You should keep it in mind that the Juniper Pro's clock rate is 150 MHz lower than the clock rate of the Juniper XT chips the previous two cards are based on. Is the passive cooler of the PowerColor card any good at overclocking? Yes, it is.
The GPU is only 59°C hot when the card is overclocked to 855/4880 MHz.
Now let’s move on to our performance tests.
All graphics cards were benchmarked in a closed system case with the following configuration:
Besides the three graphics cards described above, we also included the reference ATI Radeon HD 5770 and AMD Radeon HD 6790 graphics cards with 1 GB of video memory onboard:
The former will let us estimate the performance of its successors, the new HD 6770, while the latter will show how far behind the next price and performance stage they are.
In order to lower the dependence of the graphics cards performance on the overall platform speed, I overclocked our 32 nm six-core CPU with the multiplier set at 25x and “Load-Line Calibration” (Level 2) enabled to 4.5 GHz. The processor Vcore was increased to 1.46875 V in the mainboard BIOS:
The 6 GB of system DDR3 memory worked at 1.44 GHz frequency with 7-7-7-16_1T timings and 1.5V voltage. Turbo Boost and Hyper-Threading technologies were disabled during our test session.
The test session started on September 25, 2011. All tests were performed in Microsoft Windows 7 Ultimate x64 SP1 with all critical updates as of that date and the following drivers:
The graphics cards were tested in the today’s most popular resolution of 1920x1080 pixels. The tests were performed in two image quality modes: “Quality+AF16x” – default texturing quality with enabled 16x anisotropic filtering and “Quality+ AF16x+MSAA4(8)x” with enabled 16x anisotropic filtering and full screen 4x anti-aliasing (MSAA) or 8x if the average framerate was high enough for comfortable gaming experience. We enabled anisotropic filtering and full-screen anti-aliasing from the game settings or configuration files. If the corresponding options were missing, we changed these settings in the Control Panels of Catalyst driver. We also disabled vertical synchronization. There were no other changes in the driver settings.
The list of games and applications used in this test session includes two popular semi-synthetic benchmarking suites, one technical demo and 15 games of various genres:
If the game allowed recording the minimal fps readings, they were also added to the charts. We ran each game test or benchmark twice and took the best result for the diagrams, but only if the difference between them didn’t exceed 1%. If it did exceed 1%, we ran the tests at least one more time to achieve repeatability of results.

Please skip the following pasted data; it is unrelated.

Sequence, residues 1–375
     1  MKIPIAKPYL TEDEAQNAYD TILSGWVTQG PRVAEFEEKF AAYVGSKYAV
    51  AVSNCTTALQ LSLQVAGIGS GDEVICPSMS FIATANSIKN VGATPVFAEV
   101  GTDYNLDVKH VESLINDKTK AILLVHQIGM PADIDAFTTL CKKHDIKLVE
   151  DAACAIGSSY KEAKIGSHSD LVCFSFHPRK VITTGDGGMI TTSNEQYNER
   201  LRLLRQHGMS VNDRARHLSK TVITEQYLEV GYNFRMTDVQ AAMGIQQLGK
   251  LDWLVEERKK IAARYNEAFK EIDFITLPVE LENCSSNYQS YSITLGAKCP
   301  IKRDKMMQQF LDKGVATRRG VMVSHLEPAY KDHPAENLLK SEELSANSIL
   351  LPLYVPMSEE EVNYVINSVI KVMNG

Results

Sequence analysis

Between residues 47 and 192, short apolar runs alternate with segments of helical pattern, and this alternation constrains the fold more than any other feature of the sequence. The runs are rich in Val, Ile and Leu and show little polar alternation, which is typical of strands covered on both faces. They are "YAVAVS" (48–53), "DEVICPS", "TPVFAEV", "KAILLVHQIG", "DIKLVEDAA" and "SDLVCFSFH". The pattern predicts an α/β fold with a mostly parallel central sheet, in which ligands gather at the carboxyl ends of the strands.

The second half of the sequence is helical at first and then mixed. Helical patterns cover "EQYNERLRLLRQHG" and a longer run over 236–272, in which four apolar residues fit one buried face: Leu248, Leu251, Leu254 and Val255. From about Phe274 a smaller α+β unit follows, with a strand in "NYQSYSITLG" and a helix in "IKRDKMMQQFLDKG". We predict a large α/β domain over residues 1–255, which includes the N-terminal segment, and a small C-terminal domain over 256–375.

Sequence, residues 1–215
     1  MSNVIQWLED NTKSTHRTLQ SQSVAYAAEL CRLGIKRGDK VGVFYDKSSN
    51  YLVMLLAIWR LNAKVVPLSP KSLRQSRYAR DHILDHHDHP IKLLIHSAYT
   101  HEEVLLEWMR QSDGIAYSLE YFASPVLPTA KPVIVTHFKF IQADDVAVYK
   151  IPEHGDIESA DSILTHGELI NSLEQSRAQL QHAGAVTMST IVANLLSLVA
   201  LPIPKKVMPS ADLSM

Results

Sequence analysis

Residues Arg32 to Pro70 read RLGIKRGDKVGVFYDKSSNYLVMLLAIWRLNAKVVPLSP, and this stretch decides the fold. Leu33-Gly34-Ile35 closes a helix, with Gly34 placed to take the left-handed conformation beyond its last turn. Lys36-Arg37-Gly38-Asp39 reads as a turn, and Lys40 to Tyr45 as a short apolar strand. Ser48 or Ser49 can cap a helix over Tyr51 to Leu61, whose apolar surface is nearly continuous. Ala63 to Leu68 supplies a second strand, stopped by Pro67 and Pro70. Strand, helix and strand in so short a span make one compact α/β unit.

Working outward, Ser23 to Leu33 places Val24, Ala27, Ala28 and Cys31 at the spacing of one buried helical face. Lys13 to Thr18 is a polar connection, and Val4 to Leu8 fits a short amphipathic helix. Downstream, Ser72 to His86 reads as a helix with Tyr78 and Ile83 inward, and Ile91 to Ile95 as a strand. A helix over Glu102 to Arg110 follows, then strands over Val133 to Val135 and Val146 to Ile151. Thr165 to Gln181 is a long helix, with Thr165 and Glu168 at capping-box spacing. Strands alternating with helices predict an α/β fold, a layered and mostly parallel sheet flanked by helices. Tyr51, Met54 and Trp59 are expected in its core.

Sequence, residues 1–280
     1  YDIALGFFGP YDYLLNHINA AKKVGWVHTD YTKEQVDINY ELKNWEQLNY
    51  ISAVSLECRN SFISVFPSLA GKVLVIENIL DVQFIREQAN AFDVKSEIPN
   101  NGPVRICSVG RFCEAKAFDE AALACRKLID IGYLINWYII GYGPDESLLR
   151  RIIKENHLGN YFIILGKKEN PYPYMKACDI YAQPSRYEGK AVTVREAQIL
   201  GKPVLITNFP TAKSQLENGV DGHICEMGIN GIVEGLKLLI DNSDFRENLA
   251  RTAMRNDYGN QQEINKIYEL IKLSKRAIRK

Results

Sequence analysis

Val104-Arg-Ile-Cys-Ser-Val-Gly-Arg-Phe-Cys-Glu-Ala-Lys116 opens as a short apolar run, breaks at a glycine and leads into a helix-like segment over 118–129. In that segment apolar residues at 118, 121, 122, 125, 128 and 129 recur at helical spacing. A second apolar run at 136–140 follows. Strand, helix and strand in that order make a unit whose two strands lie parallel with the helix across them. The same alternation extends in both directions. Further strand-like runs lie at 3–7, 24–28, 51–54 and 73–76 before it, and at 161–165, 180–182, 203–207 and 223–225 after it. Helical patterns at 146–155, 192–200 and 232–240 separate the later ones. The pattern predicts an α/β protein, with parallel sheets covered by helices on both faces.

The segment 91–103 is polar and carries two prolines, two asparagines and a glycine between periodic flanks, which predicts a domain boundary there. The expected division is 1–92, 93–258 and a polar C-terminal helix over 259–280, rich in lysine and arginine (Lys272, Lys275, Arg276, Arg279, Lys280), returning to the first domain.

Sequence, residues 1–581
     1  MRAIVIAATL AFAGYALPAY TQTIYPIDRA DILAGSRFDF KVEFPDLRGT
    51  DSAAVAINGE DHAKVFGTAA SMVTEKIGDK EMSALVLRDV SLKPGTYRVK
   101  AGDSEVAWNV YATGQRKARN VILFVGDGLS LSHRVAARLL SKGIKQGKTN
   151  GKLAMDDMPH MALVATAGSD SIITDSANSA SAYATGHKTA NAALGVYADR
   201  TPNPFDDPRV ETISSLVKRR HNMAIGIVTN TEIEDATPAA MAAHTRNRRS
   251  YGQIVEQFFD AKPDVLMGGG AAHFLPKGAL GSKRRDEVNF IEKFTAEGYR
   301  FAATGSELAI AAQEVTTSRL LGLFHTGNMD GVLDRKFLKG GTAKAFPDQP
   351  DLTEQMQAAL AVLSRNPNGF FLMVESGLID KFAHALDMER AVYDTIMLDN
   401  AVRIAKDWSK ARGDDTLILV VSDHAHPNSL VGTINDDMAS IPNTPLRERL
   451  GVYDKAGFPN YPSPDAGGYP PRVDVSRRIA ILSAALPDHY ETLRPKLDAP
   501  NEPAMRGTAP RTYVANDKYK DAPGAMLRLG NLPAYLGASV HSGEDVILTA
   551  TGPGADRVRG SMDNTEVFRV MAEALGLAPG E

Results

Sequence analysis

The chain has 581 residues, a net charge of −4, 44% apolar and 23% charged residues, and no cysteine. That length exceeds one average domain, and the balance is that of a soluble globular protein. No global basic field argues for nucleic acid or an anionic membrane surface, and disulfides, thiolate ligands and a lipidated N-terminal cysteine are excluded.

Despite the relaxed settings in most of our games, the new Radeon HD 6770 and HD 6750 are not very fast. It is only in a few of them (namely, Left 4 Dead 2, Tom Clancy's H.A.W.X. 2, Sid Meier's Civilization V and Hard Reset) that you can play comfortably at 1920x1080. In the rest of the games from our list you have to lower the resolution or use even simpler graphics quality settings, which can hardly be enjoyable. Thus, the Radeon HD 6770 and, especially, the HD 6750 are not truly gaming products. They are rather meant for multimedia computers that can occasionally be used for some casual gaming.
The diagrams all show the same standings. For example, the Radeon HD 6790 is faster than the Gigabyte Radeon HD 6770 by an average 15% in the FSAA-less mode and by an average 15.2% when we enable FSAA.
The Gigabyte is ahead of the ASUS because the latter's memory clock rate is reduced by 800 MHz. This makes the Gigabyte card 6.6% and 6.8% faster with MSAA turned off and on, respectively.
The PowerColor Radeon HD 6750 is 17 to 21% slower than the Gigabyte Radeon HD 6770 depending on the graphics quality mode.
There is no point in drawing a comparative diagram for Radeon HD 6770 vs. Radeon HD 5770 because these two cards deliver the same performance if clocked at the same frequencies.
Here is a table with the full tests results:
Our tests of Radeon HD 6770 and HD 6750 cards have gone just as expected. These are mainstream cards with rather low gaming performance and almost indistinguishable from the older Radeon HD 5770s and HD 5750s. They are slow in most of today's games, so we can't recommend them to serious gamers. You can’t improve their performance much through overclocking as they don’t have high potential for that. On the other hand, they are affordable and can be a perfect choice for quiet or even completely silent computers. That’s why we’ve selected passively cooled versions of these cards for this review.
The ASUS Radeon HD 6770 DirectCU Silent features the most efficient fanless cooler of the three. With a heatsink that big, you should have no worries about the temperature of the GPU and the graphics card at large. The downside, besides the somewhat higher price compared to the reference card, is that the ASUS version has large dimensions and will not fit into some computer cases, especially compact multimedia ones. This card lacks a CrossFireX connector, has a reduced memory clock rate and comes without any extras among its accessories.
The Gigabyte Radeon HD 6770 Silent Series is the fastest card of this review. It is no more than 15% slower than the more expensive Radeon HD 6790. Its fanless cooler copes well and makes the GPU comfortable even at overclocked frequencies. Like the ASUS card, this one has large dimensions which may make it incompatible with some system cases. We can see no other downsides about the Gigabyte version, though.
The PowerColor Go! Green Radeon HD 6750 Dirt3 Edition is the slowest but also the most economical card among the three. As opposed to the other two, it has no connector for additional power supply. It can be overclocked a little and is much smaller than the ASUS and Gigabyte cards. Thus, it may be the only option for compact system cases among these three products.